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Down into the trenches with Hollywood prop master Steve Levine

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Author and former prop master Steve Levine. Photo by Gloria Plascencia

Author and former prop master Steve Levine. Photo by Gloria Plascencia

When we go to the movies, we become engrossed in the story and see lots of things on the screen that we never really think about. This is where Steve Levine comes in. The Manhattan Beach resident spent nearly 40 years as a Hollywood prop master, and he worked on some memorable films such as “Airplane,” “Cocoon,” and “Apollo 13.”

But what the heck’s a prop master, and what exactly does he do?

To answer that question, Levine has penned an anecdotal memoir called “Hollywood from Below the Line: A Prop Master’s Perspective.” The “from the below the line” part refers to the fact that prop masters are among those people on a production team that are infrequently acknowledged, at least publicly, and then skipped over at awards time.

To put it simply, as Levine writes, “props are items actually handled or used in any way by the actors during the filming of a show (coffee mug, camera, gun, grocery bag, pen, football etc.).” Props also include food and animals, except perhaps animal stars in their own right: No one’s going to call Lassie a prop, unless they want a nip on the shins.

One should also bear in mind that a property master must be able to pull the right item out of the right hat at the right time. Intuition seems to be mandatory for this job as well, because he or she needs to please the director on the one hand and the “bean counters” on the other.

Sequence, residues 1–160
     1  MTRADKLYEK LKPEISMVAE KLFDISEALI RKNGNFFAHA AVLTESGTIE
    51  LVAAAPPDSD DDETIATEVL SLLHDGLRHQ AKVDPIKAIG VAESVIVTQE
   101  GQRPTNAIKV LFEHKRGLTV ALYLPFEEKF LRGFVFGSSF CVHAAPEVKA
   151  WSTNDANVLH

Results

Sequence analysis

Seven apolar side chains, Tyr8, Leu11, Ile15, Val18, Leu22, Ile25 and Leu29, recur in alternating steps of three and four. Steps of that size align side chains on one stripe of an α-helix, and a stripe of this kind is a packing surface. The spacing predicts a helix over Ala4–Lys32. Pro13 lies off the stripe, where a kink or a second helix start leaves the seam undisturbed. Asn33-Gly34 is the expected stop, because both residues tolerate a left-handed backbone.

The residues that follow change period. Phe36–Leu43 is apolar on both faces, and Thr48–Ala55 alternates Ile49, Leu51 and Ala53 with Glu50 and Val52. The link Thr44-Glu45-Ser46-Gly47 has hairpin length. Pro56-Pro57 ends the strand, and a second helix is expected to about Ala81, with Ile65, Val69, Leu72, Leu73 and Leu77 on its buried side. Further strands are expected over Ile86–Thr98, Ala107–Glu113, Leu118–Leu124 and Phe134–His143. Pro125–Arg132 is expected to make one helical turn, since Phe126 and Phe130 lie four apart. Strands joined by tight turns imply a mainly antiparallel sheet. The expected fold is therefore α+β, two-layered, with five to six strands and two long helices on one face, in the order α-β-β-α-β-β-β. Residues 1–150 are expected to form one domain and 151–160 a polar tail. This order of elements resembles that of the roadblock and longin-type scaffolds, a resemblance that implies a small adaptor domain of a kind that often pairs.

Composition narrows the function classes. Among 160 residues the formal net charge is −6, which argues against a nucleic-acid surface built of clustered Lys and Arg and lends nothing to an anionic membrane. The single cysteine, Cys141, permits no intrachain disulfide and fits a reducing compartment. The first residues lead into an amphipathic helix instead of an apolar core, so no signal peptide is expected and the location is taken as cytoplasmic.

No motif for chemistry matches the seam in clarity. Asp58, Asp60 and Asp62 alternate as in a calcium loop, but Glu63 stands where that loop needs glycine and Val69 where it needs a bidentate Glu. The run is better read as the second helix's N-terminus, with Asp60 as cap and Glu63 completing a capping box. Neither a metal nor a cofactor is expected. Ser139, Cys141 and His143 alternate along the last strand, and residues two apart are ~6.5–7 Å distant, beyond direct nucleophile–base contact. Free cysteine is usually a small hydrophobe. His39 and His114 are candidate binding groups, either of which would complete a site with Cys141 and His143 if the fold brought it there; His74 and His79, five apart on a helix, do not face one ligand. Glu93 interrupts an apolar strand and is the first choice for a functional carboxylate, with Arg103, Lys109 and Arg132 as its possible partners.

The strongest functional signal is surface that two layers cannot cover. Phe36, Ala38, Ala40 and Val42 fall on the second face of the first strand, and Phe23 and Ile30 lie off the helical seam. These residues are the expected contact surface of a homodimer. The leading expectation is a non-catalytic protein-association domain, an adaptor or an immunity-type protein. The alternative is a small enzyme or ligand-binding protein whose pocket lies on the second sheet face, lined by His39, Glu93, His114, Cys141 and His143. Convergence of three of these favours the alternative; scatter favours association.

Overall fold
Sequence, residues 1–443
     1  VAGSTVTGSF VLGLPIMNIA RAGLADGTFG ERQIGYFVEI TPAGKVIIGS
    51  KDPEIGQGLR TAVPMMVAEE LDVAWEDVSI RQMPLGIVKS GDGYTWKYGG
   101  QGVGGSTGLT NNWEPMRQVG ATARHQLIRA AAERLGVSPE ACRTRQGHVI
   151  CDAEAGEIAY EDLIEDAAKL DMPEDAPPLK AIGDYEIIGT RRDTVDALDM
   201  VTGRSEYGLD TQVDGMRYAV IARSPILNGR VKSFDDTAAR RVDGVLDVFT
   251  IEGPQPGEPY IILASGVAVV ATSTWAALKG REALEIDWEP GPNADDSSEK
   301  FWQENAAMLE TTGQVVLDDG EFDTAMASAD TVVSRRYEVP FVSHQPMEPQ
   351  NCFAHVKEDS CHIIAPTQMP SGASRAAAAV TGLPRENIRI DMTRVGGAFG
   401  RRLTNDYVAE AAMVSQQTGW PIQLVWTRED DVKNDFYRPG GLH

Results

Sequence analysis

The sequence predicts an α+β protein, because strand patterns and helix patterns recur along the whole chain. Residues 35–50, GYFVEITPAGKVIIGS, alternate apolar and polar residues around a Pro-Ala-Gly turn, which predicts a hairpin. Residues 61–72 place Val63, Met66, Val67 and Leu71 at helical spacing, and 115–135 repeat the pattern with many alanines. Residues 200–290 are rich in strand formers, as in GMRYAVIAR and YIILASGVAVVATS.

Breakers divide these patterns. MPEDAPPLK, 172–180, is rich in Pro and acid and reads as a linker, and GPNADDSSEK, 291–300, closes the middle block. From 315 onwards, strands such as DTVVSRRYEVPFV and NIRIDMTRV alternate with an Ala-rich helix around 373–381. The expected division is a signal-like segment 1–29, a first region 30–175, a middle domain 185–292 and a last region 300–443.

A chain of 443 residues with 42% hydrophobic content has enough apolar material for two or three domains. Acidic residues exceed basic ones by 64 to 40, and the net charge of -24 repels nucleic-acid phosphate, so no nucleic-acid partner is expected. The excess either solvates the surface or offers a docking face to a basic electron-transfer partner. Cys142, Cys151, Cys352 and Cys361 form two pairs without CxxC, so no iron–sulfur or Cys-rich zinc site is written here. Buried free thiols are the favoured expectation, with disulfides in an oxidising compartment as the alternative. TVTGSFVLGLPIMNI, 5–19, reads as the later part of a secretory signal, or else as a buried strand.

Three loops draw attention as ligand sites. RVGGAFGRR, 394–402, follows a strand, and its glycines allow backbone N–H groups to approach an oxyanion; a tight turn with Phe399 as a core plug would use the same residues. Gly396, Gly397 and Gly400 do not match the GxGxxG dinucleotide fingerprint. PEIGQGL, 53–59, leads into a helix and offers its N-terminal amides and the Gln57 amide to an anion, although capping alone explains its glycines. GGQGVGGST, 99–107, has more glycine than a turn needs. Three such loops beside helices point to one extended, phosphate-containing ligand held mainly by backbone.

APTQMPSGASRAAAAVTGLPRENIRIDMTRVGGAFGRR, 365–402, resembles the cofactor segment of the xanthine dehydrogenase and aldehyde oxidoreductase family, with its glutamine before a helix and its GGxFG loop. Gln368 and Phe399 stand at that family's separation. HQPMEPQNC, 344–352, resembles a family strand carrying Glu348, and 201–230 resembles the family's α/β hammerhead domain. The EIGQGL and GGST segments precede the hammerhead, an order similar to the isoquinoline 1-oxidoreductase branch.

But let’s get started, and ask Steve Levine why he wrote his book.


You do what, exactly?

During the filming of “Gung Ho” (1985; starring Michael Keaton). Pictured, director Ron Howard, his long-time assistant Louisa Velis, and Steve Levine, in the Pittsburgh Pirates dugout at Three Rivers Stadium in Pittsburgh, PA

“Over the years, when I met new people,” he says, “the common question is, ‘Oh, what do you do?’ And I would say, ‘Well, I’m a prop master in the film industry.’ Most of those people didn’t know what that meant. They know what a cameraman is, they know what a wardrobe supervisor or a costume designer is, but when it comes to key grip, gaffer, head electrician, property master, mixer – a lot of them don’t know what that is.

“They would always say, ‘Well, that sounds really interesting and fun,’” Levine continues. “Then I would have to explain to them that, yeah, it can be interesting, but it’s not always fun. And this is why: You’re under a tremendous amount of stress constantly and you’re working with egos bigger than you can possibly imagine.

“And so it can be fun given the right circumstances, but it’s certainly not always fun. It’s very high-pressure.”

Levine is quick to offer up an example of what he means.